Have the Stones been tamed?
The Rolling Stones in Martin Scorcese's documentary 'Shine a Light' have been stripped of the "whiff of danger" fans might expect, said Mark Mauer in an LA Weekly blog. Keep in mind that the Stones "are a combined 254 years old," said
What happenedA hip crowd of young stars joined the Rolling Stones on Wednesday for the U.K. premiere of Martin Scorcese's documentary, Shine a Light, which tracks the band's career. Mick Jagger and bandmates Ronnie Wood, Charlie Watts, and Keith Richards praised Scorcese's work, and said they enjoyed revisiting the past. "I like me when I was younger," Richards said. (Hello! magazine)
What the commentators saidWhat happened to the “whiff of danger” that the Stones used to have? said Mark Mauer in an LA Weekly blog. In Shine a Light, during the band’s performance of “Sympathy for the Devil,” Mick Jagger “leaves out the line ‘Who killed the Kennedys?/When after all/it was you and me,’” and he drops a line from “Some Girls.” And “the NYC crowd Scorsese shows us” certainly isn’t “the decaying, exciting, dark NYC of 1978”—Bill and Hillary Clinton are there, along with Hillary’s mom.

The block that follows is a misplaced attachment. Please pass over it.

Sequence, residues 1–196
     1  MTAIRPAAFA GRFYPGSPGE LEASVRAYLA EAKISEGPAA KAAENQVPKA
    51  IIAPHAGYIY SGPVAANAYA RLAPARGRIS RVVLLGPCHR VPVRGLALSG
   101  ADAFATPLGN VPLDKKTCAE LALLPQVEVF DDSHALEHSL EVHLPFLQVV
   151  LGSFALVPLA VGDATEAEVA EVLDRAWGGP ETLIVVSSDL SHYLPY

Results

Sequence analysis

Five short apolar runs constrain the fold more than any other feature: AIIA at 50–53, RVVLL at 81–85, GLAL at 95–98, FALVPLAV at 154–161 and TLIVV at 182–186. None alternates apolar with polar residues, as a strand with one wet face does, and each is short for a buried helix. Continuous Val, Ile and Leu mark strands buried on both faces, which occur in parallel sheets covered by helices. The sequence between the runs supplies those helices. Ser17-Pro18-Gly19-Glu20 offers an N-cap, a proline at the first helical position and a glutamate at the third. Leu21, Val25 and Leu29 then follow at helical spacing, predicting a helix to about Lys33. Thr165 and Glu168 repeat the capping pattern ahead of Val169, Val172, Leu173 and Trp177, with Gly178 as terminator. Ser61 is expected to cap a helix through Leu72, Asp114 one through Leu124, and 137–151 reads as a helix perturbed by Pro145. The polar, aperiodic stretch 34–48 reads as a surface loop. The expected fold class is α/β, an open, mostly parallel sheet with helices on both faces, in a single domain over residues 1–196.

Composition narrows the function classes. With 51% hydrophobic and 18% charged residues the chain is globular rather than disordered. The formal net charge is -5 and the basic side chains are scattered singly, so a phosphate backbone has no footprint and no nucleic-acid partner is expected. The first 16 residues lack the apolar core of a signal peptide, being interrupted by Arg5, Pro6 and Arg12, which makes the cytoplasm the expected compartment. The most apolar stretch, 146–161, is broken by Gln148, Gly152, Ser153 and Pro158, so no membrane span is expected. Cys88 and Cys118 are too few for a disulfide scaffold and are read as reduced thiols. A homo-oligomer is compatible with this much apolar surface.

Keep in mind that the Rolling Stones “are a combined 254 years old,” said Ben Raymond in The Villanovan (free registration required). But even so, “Jagger—shriveled as he is—still kicks his legs and thrusts his pelvis with the oversexed delight of a pre-teen Swedish boy,” and he can still make audience members blush. Shine a Light is “a special kind of documentary” and “it works beautifully.”Shine a Light is “worth checking out if you’re a Stones or Scorsese fan,” said Rudi Greenberg in Diamondback, “but it doesn’t bring anything new or interesting to merit drawing non-fans in.” But the “film is a testament to the staying power of the band.” On top of that, “there are bits of archival footage throughout the film,” the 2006 Beacon Theatre “show has a very loose feel,” and the band “shines on the older, slower songs.”